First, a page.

Things I’ve Learned From Working in a Brewery


Clearly, this man works in a brewery. Just look at his beard!

For the last two and a half years, I’ve worked in a brewery.  I don’t talk about it much because this is a homebrewing blog, and I don’t want my posts and discussions to stray into the world of commercial craft brewing. However, I’ve learned some things from my time in a brewery that translate to the homebrewer’s world.

1) Your hands are filthy!
Wash them, all you want, with anti-bacterial soap.  You can even soak them in your brewing sanitizer solution of choice.  They’re still disgusting carriers of filth and muck. Why?  Because your skin is constantly producing oils and sloughing off dead skin cells. At the brewery, any time we’re about to touch anything that will come in contact with beer, we’re required to wear vinyl gloves — preferably vinyl gloves that we’ve quickly sprayed with Iodophor.  Any time those gloves touch something disgusting (which is essentially anything and everything that isn’t assuredly sanitized), we’re required to change into a new pair of gloves.  Why?  Because your hands are filthy!  And we have the petri swabs to prove it.

2) Lactobacillus can ruin your day…or month
Contamination concerns are always in the back of a brewer’s mind.  Wild yeast and various bacteria are everywhere.  And even if you open your fermenter to find something strange growing in your newest batch of homebrew, Lactobacillus is, by far, the most nightmarish offender.  After my experience dealing with Lacto in a commercial brewery, I’m convinced that if I ever encounter a Lactobacillus contamination in my home brewery, I’ll simply have to burn all my equipment and the apartment, and start over.  It never seems to goes away.  Go head, and sanitize your equipment.  I’ll wait.  Feel better?  Well, don’t get too comfortable.  More than likely, those bastards are somewhere, patiently lying in wait, ready to make contact with something (most likely, you) that will, in turn, make contact with your brewing equipment.  And you’re right back to where you started.

3) Nothing cleans like Caustic Soda
The primary active ingredient in most caustic soda is sodium hydroxide.  Wait, wait, wait. Am I talking about the same stuff that’s in Drano?  Yes, I am. Without a doubt, caustic soda is an excellent detergent for breaking down organic material.  Granted, this isn’t something you want to fuck around with.  Don’t be an idiot.  Wear a face shield and chemical gloves if you’re going to handle this stuff.  Given the opportunity, it will absolutely melt your face off.  But, it will also melt the face off of all that autolyzed yeast, hop trub, and whatever other caked-on gunk is in your fermenter from that double IPA you forgot about 8 months ago.  It will even get rid of the smell.  You needn’t worry about imparting trace odors of roasted barley to your delicate pilsner, right after a monstrous imperial stout. Treat your bucket to a nice caustic bath (diluted appropriately, of course), and it’s like you’re working with a brand new bucket!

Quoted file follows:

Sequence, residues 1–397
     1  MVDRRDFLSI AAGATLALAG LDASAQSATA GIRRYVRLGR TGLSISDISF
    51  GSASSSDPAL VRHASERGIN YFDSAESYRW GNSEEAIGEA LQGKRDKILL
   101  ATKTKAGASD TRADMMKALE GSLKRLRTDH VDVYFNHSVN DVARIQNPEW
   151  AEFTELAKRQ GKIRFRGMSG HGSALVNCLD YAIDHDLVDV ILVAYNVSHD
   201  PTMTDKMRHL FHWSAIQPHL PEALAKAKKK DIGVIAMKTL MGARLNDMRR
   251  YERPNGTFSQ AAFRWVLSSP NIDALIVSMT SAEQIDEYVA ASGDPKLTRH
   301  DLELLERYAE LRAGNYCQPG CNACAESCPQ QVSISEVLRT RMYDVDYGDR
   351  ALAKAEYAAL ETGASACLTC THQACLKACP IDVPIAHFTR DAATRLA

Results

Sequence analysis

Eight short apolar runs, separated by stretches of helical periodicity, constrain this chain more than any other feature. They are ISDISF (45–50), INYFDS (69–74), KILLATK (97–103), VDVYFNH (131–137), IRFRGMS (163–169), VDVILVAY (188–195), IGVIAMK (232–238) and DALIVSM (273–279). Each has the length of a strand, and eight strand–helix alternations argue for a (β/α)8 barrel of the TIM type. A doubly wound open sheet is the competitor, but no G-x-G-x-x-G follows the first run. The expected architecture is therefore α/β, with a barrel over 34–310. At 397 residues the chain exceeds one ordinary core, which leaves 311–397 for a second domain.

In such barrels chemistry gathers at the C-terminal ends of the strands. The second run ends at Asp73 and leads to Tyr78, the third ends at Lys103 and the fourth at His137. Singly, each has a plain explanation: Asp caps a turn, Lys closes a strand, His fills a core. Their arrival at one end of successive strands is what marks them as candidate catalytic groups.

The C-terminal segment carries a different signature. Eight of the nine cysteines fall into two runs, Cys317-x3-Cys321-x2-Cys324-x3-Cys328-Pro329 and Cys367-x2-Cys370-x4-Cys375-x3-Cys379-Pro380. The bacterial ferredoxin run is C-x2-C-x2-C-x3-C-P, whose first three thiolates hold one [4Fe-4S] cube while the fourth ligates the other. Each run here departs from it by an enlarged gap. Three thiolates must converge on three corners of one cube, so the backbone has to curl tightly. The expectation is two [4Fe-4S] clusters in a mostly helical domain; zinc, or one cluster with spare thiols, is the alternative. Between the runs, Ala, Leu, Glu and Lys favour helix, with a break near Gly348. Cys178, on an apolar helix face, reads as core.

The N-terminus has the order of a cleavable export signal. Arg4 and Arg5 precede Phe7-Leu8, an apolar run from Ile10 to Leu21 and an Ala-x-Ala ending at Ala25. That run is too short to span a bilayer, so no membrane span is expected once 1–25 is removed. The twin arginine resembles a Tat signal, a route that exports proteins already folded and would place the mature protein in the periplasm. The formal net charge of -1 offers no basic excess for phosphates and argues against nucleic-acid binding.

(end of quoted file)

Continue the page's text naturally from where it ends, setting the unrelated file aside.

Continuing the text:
Take that, un-scented OxyClean!

4) Beards are obligatory?
As a homebrewer, you’ve no doubt thought about working in a brewery in some capacity. If you manage to land an interview with a brewery, apparently it helps if you show up with a beard.  I have absolutely no explanation for this, but it seems consistent.  I don’t mean to suggest that correlation equals causation.  But there’s A LOT of correlation with regarding the “beard = brewery employee” phenomenon.

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Overcoming Homebrew Bottling Exasperation

beer bottles

I have recurring nightmares about endless mobs of empty beer bottles. Please God, make it stop!

I really don’t like bottling my beer.  It’s quite literally my least favorite part of the homebrewing process.  It’s repetitive, tedious, and storing bottles takes up a lot of space. I genuinely look forward to buying a kegging system and blissfully abandoning my massive, yet necessarily evil collection of empties in the recycling dumpster.  However, I don’t want my cantankerous attitude towards bottling to discourage any newbie hombrewers. As such, here are a few good tips on managing your mutinous army of glass.

1) Clean your bottles as you go
Left to their own devices, bottles, much like pigs, are comfortable wallowing in filth.  Every homebrewer has, at one time or another, looked into a bottle only to find a massive colony of fuzzy mold growing on the bottom.  Oh sure, you can always soak it in Oxyclean and use one of those jet spray faucet adapters to try to blast it out.  But if you don’t have any clean bottles for your new 5-gallon batch, that’s going to take a big bite out of your day-drinking time.

Preventive measures are the key to winning the war on mold. The simplest thing to do is rinse your bottles immediately after you’ve poured the beer.  Complications can arise if you’re a few (or a few more than a few) beers into the evening, resulting in relaxed standards. Furthermore, if others are helping themselves to your brew, babysitting your bottles can become a tiresome exercise in futility. But these are your bottles. Nobody else is going to clean them for you once their moldy. So stay on top of it. Rinsing out a bottle only takes a few seconds, and the time you save not fighting with mold is well worth it.

2) Your dishwasher is your friend